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As an exciting—and unlikely—baseball championship season comes to a head, it’s worth remembering that the baseball fan is a unique creature. True fans marry a love for the game’s pure emotion with a healthy respect for statistics. Sure, they may get teary-eyed recounting Dave Roberts stealing second base in the iconic 2004 ALCS, but can also give you a long-winded treatise on why the “wins above replacement” statistic is the most valuable metric for evaluating a player’s worth. But for all their love of statistics, many fans can’t fight a nagging sensation that sabermetrics, or the application of data science to baseball, is going to kill the joy in the sport.
You can’t fight it: Big Data will transform Major League Baseball. The inevitable tide of change is well underway as the MLB has begun installing sophisticated camera and radar systems in every park to track every single play—and will make the data available to every team in the league. Among the new data points collected will be how long it takes runners to achieve their top speed, the efficiency of catcher's routes to the ball, and angles the balls comes off the bats. Similar tracking has already influenced how defensive players are positioned in the field. Teams are piloting even more advanced data collection, which will include the players using wearable technology.
If you've seen Moneyball, you know where this is headed. Teams will use the data to supplant or enhance human knowledge with statistical modeling. This predictive ability will inform everything from scouting new talent, to the batting lineup, to (team owners fervently hope) determining a better free-agent pricing strategy.
How is data changing baseball?
With every game now generating about seven terabytes of data—and this number is growing as new dimensions are added—baseball fans have some time to adjust before all that data produces a dramatic change. It will take sophisticated data scientists and some hefty storing and processing hardware and software to make any sense of the near-infinite quantity and types of data. In theory, organizations have nearly unlimited ability to use all the information and modeling to make really accurate predictions. The reality is more complicated, as IT data architects know. Integrating the various types of data, processing it and analyzing it in a meaningful way to make a sound decision is an incredibly complicated endeavor.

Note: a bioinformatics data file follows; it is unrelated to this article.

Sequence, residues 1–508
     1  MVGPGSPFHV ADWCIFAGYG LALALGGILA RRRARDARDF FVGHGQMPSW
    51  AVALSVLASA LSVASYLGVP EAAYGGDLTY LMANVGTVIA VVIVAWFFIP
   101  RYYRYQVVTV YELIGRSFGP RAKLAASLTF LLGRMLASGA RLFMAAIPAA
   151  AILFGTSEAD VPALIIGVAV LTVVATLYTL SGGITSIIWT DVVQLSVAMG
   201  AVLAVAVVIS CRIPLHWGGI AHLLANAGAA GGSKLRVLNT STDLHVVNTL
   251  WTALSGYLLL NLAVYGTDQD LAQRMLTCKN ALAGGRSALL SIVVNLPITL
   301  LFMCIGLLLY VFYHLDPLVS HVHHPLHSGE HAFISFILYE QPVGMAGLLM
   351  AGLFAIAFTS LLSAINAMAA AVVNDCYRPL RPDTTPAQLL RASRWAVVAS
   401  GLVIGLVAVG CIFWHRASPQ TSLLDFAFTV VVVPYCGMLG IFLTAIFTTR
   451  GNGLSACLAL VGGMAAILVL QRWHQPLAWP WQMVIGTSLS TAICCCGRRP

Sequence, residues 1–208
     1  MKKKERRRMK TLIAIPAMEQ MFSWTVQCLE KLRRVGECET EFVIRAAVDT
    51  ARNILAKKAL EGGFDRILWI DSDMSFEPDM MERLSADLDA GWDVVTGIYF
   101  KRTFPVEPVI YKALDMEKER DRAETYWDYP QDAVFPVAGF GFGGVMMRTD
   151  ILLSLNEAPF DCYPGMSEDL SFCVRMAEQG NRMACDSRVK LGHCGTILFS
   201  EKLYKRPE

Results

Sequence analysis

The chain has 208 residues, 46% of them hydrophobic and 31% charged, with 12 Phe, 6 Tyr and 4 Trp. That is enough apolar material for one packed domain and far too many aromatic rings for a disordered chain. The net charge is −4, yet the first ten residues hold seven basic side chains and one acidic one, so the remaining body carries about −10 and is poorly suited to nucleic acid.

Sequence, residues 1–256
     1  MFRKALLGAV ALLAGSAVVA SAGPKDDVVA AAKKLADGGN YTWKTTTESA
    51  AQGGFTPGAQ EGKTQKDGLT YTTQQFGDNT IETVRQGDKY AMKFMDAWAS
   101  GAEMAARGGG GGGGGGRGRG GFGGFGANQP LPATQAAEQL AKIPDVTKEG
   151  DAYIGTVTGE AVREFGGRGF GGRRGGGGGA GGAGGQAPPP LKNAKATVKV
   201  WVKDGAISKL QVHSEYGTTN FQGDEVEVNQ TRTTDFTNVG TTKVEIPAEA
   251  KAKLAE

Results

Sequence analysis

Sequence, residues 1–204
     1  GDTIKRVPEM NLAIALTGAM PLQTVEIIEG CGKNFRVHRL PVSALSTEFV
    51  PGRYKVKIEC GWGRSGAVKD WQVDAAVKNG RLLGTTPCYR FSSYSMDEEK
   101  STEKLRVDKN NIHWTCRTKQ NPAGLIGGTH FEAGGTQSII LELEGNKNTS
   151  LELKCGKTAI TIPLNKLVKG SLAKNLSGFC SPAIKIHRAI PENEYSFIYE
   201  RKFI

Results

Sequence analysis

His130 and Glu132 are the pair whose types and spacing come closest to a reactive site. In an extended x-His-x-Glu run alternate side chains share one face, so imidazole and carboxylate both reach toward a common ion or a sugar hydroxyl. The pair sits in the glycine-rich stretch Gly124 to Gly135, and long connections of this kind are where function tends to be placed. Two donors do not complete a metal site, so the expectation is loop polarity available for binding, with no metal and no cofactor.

But when baseball realizes true Big Data maturity—and it will—teams are likely to use it to break the stranglehold of big stars on the sport. You probably won't see another quarter-billion-dollar debacle like Alex Rodriguez’s 10-year contract (full disclosure: I’m a Boston fan). You are likely to see a lot more back-office suits exerting greater control over coaches’ decision making. And many fans wonder, will this scientific approach to baseball kill the joy in the sport? Will a big business tactic sully what’s left of the sport’s purity?
I think the answer is no. As humans, our actions and abilities can be quantified, and even predicted to a certain point, but we’re not slaves to the destiny of statistical modeling. Data can’t measure how a player’s growing maturity or determination will improve his game when it counts, nor does it say how his struggles at home will weigh on his mind and bat. It can’t measure a moment in time when a player gets into the zone, the streak-from-above when he can do no wrong. It doesn't take into account the way team chemistry can bring out something new in a player.
What Big Data can do is level the playing field for richer and poorer teams. Yes, the Yankees and Dodgers will still probably scoop up all the really hot stars, if only for their ability to move tickets. But the rest of the teams can try different combinations of players—ones with untapped potential—and use them in a smart way to get results. The best managers will use a combination of Big Data analysis paired with their instincts about what's going on in the moment. This year, several teams light on big stars have excelled through disciplined coaching and teamwork, proving an expensive ace doesn't always trump a group of players working together. Maybe Big Data will help put the focus back on the team, and take it off the big stars. Now doesn't that seem at least as honest ―as “pure”—as the old way of playing the game?
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Lisa Dare is a marketing writer for TEKsystems who enjoys learning about IT from some of the smartest folks in tech. She frequently blogs about data, career advice and the lighter side of tech.